My son, 15 yrs old will be getting a settlement from a car accident back in 2011.can i take any monies from his settlement?

Asked over 1 year ago - Salisbury Mills, NY

I am a widowed, disabled single parent. Was told monies go into an account that can not be touched until he turns 18. Lord knows i can use some of it to catch up on bills

Attorney answers (13)

  1. Anthony A. Ferrante

    Pro

    Contributor Level 15

    16

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    Answered . Generally, No.

    The Court will oversee the settlement and will direct that the money go into an account on behalf of your injured son. One of the reasons for this oversight is so that parents don't spend their child's injury recovery.

    Only in the most special of circumstances where the money is needed for a child's education, etc will a Court allow some to be used at settlement. They will certainly not allow you to take money to pay bills.

    Good luck.

    The aforementioned opinion does not constitute legal advice and is for general educational purposes only. See an... more
  2. Jeffrey Bruce Gold

    Pro

    Contributor Level 19

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    Answered . Not without a Court Order. You'd have to make an application to he court, and make a strong showing that you need the money for your son's benefit. For example, if you and your son are living in the back of the car, A court might find an appropriate use of a settlement would be to get a roof over his head, and the use of the money would be severely restricted and monitored. Unless the bills were incurred caring for your son i.e hospital bills, you aren't going to see any of it.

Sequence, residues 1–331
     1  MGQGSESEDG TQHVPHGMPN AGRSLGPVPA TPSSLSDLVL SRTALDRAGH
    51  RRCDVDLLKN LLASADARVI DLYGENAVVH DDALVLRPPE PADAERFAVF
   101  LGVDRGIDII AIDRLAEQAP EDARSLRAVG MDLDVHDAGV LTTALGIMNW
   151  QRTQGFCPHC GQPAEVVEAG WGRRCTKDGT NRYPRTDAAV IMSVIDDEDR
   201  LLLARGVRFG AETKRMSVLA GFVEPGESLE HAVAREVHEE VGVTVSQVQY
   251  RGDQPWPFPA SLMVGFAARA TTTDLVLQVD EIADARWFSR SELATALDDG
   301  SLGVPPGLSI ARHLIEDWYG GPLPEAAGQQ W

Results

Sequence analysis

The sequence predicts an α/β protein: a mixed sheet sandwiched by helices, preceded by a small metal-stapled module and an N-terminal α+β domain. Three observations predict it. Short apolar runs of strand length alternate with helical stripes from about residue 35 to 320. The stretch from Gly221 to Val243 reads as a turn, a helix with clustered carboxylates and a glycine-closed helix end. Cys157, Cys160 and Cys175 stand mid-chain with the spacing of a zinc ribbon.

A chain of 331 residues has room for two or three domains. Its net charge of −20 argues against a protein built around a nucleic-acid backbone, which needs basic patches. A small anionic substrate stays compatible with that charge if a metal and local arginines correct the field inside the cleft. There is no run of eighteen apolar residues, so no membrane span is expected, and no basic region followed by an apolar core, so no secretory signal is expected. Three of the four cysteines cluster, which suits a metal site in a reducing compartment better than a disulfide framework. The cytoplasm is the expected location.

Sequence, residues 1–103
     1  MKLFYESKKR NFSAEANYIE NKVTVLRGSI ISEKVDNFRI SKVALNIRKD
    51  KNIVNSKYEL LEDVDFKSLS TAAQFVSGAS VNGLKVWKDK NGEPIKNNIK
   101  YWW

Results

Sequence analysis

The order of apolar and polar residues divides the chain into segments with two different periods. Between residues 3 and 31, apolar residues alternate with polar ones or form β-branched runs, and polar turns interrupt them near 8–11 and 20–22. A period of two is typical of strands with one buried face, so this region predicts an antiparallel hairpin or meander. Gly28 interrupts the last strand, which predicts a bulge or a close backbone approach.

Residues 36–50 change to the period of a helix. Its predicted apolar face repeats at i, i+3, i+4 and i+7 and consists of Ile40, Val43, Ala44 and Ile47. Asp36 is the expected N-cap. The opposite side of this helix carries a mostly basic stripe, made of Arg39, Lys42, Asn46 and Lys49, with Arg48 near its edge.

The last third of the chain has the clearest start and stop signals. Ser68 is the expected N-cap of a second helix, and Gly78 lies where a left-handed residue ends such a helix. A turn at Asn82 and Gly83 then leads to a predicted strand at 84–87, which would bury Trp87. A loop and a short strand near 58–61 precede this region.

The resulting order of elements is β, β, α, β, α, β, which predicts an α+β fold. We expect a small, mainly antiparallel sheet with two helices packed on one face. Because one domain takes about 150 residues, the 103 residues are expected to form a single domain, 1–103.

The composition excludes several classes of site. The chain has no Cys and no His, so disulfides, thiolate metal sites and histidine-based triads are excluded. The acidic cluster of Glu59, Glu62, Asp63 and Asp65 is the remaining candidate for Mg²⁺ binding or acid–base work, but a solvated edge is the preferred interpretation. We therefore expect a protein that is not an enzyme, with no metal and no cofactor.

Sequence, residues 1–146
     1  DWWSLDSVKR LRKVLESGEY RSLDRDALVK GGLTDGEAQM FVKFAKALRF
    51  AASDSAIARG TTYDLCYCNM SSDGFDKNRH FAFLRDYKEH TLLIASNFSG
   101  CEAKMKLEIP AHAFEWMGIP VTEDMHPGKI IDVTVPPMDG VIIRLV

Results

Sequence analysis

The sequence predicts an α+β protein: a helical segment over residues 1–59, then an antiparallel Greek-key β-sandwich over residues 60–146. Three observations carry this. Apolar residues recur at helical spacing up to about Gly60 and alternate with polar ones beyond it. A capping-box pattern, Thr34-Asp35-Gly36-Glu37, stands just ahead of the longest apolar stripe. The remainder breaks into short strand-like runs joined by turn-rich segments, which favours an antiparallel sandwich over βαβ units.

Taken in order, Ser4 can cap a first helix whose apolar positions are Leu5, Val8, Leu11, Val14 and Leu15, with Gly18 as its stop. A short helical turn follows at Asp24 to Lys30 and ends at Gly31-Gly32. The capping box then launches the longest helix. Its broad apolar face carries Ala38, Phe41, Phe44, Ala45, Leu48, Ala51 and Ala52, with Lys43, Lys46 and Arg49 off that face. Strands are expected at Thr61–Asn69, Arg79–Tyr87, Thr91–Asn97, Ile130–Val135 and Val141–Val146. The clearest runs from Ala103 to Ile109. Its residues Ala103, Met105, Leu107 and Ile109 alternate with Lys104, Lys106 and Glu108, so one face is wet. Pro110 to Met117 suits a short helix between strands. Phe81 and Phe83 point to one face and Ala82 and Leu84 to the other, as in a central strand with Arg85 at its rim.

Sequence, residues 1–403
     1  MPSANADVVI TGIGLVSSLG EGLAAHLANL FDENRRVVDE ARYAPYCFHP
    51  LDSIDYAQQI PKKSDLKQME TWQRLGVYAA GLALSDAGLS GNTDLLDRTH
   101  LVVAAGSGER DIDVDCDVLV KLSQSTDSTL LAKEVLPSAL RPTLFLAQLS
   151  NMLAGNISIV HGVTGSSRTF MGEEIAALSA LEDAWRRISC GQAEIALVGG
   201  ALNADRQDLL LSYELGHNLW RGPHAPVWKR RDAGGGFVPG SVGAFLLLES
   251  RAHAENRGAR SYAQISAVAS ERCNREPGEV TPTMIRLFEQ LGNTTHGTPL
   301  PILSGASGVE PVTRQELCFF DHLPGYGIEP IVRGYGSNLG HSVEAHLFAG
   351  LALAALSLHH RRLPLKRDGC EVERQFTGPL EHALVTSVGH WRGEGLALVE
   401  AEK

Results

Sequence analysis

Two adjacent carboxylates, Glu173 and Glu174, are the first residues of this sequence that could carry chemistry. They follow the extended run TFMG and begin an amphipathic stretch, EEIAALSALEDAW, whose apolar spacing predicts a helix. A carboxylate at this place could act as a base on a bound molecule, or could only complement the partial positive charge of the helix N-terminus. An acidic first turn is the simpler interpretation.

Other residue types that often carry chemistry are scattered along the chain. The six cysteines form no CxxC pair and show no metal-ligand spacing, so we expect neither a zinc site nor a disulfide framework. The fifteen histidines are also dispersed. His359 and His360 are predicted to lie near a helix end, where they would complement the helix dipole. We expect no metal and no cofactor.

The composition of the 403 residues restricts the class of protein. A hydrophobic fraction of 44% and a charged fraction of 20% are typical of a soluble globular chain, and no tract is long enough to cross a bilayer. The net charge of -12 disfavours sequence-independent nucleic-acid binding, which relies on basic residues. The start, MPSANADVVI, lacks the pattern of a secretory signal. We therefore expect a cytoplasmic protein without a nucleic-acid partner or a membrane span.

If you'd like to discuss, please feel free to call. Jeff Gold Gold, Benes, LLP 1854 Bellmore Ave Bellmore,... more
  3. Jeffrey Mark Adams

    Contributor Level 20

    15

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    Answered . Your sons lawyer and the judge will/have advised the money is for his benefit. Sorry.

    Personal injury cases only; I'm good at it; you be the Judge! All information provided is for informational and... more
  4. Manuel Alzamora Juarez

    Contributor Level 20

    15

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    Answered . Unfortunately, I have to agree with all my colleagues. You cannot touch the money. It will go to a trust account for your minor son. Best of luck..

    This answer is provided by Manuel A. Juarez, Esq., El Abogado de Accidentes de Autos de California: 510-206-4492.... more
  5. Jayson Lutzky

    Pro

    Contributor Level 20

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    Answered . You are responsible for your son's bills until he is 21 years of age. The money from the settlement can only be withdrawn with the court's permission for a justifiable reason. Speak with the lawyer who handled the accident case.

    If this answer is helpful, then please mark the helpful button. If this is the best answer, then please indicate... more
  6. Chris Matthew Limberopoulos

    Contributor Level 16

    14

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    Answered . No.

  7. Christian K. Lassen II

    Pro

    Contributor Level 20

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    Answered . No. It is his money, not yours for the taking.

    Only 29% Contingency Fee! Phone: 215-510-6755 www.InjuryLawyerPhiladelphia.com
  8. James D. Kiley

    Contributor Level 13